Bad from the Bad Ideas Blog sent me a link to some clips from Ben Stein’s new Magnum Opus, “Expelled”. I went and took a look. Randomly, I picked one that looked like a clip from the movie rather than a trailer – it’s the one titled “Genetic Mutation”.
Care to guess how long it took me to find an insane, idiotic error?
It’s the old “evolution can’t create information” scam.
The clip is Ben Stein interviewing a guy named “Maceij Giertych”,
who is allegedly a population geneticist. (I say allegedly because looking
the guy up, he appears to be an agricultural biologist studying tree-growth
patterns in forests.) Said gentleman is not currently a working scientist,
but a policitian. He’s a leader of a right-wing nationalist political party
in Poland, and currently is a member of the European parliament representing Poland.)
What Giertych has to say is the usual dishonest claptrap:
Giertych: “Evolution does not produce new genetic information. and for evolution …”
Stein: “there has to be new genetic information. And where is the new genetic information going to come from?”
Giertych:”Well, that is the big question. Darwin(ists?) assume that the
information comes from natural selection. But natural selection reduces genetic
information, and we know this from all of the genetic population studies that we
It continues in the same vein for the remainder of the interview. I’ve written
about this particular line of bullshit so many times that I’m downright bored with
it. But it’s pure rubbish.
Before I get to the math part, there’s one obvious and obnoxious scam
in the above that it doesn’t take much to notice. “Darwinists assume that
the information comes from natural selection”. No, Darwinists don’t assume that.
Natural selection is an information reducer: because not all
individuals survive, and individuals with less adaptive traits don’t
survive, you’re pruning the information for the non-adaptive traits out of the
But evolution is not just natural selection. Evolution is change plus natural selection. Natural selection chooses from the
varieties that exist; change produces the new varieties. Change comes
from many places – basic mutations can be the result of copying errors,
of radiation or chemical agents altering the genetic code, of recombination,
etc. That’s the change – and that does introduce new information.
And that brings us to the mathematical part.
Never do they bother to define information. There’s a good reason
for that: because every scientific definition of information absolutely
defeats their argument. Copy something? You’ve got more information because
you copied it. Change something? The changed version is different information
than the original. So if you’ve got a population, and you measure the amount of
information in its genome; and then a new individual is born with a change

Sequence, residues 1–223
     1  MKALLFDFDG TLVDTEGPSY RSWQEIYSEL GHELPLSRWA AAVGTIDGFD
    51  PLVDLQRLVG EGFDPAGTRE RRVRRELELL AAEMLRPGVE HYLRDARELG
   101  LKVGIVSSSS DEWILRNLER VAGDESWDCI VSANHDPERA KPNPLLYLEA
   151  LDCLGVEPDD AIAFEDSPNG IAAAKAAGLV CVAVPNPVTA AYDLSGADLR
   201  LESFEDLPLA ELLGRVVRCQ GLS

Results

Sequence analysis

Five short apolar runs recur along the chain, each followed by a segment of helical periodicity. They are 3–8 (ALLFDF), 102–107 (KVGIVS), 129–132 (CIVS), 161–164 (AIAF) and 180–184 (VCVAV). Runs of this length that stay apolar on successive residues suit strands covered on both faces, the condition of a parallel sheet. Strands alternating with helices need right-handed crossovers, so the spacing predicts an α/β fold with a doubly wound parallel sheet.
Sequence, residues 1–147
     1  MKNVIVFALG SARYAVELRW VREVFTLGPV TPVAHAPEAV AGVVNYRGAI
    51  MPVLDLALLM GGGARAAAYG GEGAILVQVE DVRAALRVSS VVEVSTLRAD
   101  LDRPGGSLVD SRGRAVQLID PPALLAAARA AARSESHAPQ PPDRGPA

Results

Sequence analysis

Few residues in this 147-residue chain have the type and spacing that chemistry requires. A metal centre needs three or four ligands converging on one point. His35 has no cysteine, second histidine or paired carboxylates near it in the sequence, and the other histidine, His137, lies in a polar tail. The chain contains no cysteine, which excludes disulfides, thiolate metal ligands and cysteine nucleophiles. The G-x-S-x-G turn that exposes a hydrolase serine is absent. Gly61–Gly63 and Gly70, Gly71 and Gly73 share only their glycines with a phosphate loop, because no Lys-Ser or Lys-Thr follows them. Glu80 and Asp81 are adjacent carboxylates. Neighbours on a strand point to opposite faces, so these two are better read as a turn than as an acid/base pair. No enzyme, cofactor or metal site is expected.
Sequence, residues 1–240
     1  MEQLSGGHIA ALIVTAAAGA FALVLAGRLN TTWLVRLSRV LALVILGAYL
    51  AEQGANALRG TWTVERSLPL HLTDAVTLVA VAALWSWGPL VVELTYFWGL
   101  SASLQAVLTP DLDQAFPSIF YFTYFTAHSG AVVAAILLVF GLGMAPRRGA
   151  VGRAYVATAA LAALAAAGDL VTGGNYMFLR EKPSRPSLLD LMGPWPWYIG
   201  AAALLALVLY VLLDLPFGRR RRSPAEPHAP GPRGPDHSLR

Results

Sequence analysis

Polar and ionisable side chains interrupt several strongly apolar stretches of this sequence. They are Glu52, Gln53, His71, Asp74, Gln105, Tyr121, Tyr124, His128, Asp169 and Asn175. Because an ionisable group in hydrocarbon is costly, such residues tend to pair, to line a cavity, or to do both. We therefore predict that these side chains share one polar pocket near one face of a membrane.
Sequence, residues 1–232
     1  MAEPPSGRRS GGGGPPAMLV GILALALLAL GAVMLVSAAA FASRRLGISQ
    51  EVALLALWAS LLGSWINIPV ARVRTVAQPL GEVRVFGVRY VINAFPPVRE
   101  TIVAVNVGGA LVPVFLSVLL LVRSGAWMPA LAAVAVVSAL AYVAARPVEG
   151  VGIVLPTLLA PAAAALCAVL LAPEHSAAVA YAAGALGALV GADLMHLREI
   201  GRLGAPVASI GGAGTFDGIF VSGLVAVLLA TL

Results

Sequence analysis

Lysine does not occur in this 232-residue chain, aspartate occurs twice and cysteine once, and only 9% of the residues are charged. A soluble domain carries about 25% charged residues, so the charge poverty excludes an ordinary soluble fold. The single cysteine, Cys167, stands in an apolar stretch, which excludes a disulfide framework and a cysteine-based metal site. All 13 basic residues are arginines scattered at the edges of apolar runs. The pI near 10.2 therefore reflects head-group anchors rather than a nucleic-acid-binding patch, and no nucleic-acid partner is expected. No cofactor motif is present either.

in one gene – there’s now more information in that population’s
They rely on a simple confusion: information versus meaning. As human
beings, we’re naturally quite obsessed with meaning. And there’s nothing wrong
with that. But we tend to attribute our intuitive notion of meaning
to things. Our intuitive idea of meaning doesn’t have any necessary relationship
to information – or even to an actual definition of meaning! Our intuitive notion of meaning is based on language and writing – on the way that we communicate with one another, and the properties of what we’re trying to express using that
One good way of thinking about meaning is Shannon information. Shannon’s
definition of information is based on the idea of reduction in uncertainty. That is, you pass a message to someone over some medium: the
quantity of information is the amount of uncertainty that you’ve eliminated
by sending the message. The meaning is the set of possibilities
that have been eliminated.
Anything can have information. Anything can ultimately have meaning. But recognizing whether something has meaning can be extremely difficult. For
example… Look at the two strings below.
One of those two strings is an except from the the result of
compressing this post up to the word “below”. The other is random. Which
one has meaning? How can you tell?
I can tell you that by one very naive view of information, they’ve
got exactly the same amount of information. (That’s using compressibility
via the LZW-2 encoding as the measure of information.) But one of them
has meaning as english text, and the other is random noise.
What people like Ben Stein want you to do is assume that
your intuition about information and meaning is correct. And then
they want to play on that – using scare tactics about mutation –
to make you think that mutations can’t generate new information – because
it doesn’t look like information from your intuitive perspective.
But then, neither does the genetic code of a living thing. How
much meaning does “CCA GCA TGC TGA GGT TCA” have to you? Does it look like
a meaningful string? How about “GAA GTT GTC ATT TTA TAA ACC TTT”?
One of the two strings right up there is an actual excerpt from
a human gene. The other is random stuff that I made up. Which one has
more meaning? Which one has more information?
Stein and Giertych won’t answer those questions. They can’t. And
they really don’t want you to know that they can’t. Because their argument
is a fraud. And if they answered questions like the ones I posed above, or
if they even bothered to actually articulate a definition of what
they mean by “genetic information”, they’d have to admit that it’s all